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A new bill aims to give options to non-English speakers for taking their driver’s license exam

Traffic on Utah highway.
The Utah House Transportation Committee unanimously supported a bill to translate driver license exams into other languages.

Utah law only lets refugees and people who are granted asylum take the written driver license exam in their native language.

A legislative committee passed a new bill Monday that opens that up to anyone.

“Utah is a diverse state,” said Rep. Gay Lynn Bennion, D-Cottonwood Heights, who is sponsoring the bill. “Now is the time for you to adopt policy that will remove a significant barrier and allow more individuals to move forward in life.”

A Utah Health Department report from November 2016 shows one in seven Utahns speak a language other than English at home. The top three after English are Spanish, Chinese — including Cantonese and Mandarin — and German.

As a non-native English speaker, Yehemy Zavala said the driver’s test was incredibly challenging — even more than the citizenship exam.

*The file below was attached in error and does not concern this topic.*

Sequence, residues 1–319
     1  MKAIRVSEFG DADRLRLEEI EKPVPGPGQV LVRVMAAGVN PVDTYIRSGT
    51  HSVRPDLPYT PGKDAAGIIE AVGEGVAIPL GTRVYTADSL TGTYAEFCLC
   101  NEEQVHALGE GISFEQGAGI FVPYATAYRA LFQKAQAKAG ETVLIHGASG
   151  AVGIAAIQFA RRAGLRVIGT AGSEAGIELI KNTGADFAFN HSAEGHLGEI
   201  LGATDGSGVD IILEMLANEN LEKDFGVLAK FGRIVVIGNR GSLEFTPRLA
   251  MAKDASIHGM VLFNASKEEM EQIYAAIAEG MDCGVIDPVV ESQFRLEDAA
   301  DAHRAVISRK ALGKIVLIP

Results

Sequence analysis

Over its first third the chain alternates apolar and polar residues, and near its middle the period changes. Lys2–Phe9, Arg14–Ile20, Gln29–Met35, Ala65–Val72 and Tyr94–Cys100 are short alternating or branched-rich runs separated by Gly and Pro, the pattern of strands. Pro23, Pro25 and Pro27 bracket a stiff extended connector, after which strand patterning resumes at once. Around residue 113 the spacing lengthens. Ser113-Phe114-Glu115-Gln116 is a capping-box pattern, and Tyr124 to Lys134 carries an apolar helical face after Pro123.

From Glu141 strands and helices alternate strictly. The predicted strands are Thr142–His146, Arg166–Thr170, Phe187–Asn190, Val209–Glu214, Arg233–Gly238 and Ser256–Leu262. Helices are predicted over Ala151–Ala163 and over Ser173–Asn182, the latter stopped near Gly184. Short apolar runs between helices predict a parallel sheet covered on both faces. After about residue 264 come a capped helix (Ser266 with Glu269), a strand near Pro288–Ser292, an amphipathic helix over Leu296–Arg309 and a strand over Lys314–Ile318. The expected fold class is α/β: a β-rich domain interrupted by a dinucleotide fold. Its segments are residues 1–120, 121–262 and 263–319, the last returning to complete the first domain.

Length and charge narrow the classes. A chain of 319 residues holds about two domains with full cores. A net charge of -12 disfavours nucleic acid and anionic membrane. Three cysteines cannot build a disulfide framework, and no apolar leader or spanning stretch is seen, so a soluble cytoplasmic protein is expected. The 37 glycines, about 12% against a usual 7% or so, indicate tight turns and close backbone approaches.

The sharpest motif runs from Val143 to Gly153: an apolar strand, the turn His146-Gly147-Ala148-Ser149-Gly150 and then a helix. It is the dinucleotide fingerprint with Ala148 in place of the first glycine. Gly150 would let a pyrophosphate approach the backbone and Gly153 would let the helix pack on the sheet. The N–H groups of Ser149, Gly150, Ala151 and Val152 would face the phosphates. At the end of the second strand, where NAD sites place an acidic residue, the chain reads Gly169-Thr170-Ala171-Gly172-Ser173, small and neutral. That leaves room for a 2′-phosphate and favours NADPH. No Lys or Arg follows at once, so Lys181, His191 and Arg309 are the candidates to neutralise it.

“I had my driver's license test last year, and I've been here for 11 years,” Zavala told committee members. “I consider myself a bright person. I passed my citizenship test. I'm going to school, learning English and everything. But it was just more difficult for me. Understanding in my language is just easier.”

During public comment, some people also argued it’s a workforce issue.

Jeff Draper, chief operating officer for Source Construction, said finding employees is already difficult. But finding ones with valid driver's licenses is necessary.

“I personally witnessed myself and some contractors that work with us have to go and pick people up and get them to a job site,” Draper said. “In the construction world, these job sites change weekly and sometimes daily. So having employees and workers to be available to move around quickly and with ease is pretty vital.”

The bill lets the Driver License Division choose how many and which languages they offer the exam in.

If someone wants to take the test in a language that isn’t available, they would need to personally pay for a translator.

Emily Means is a government and politics reporter at KUER.
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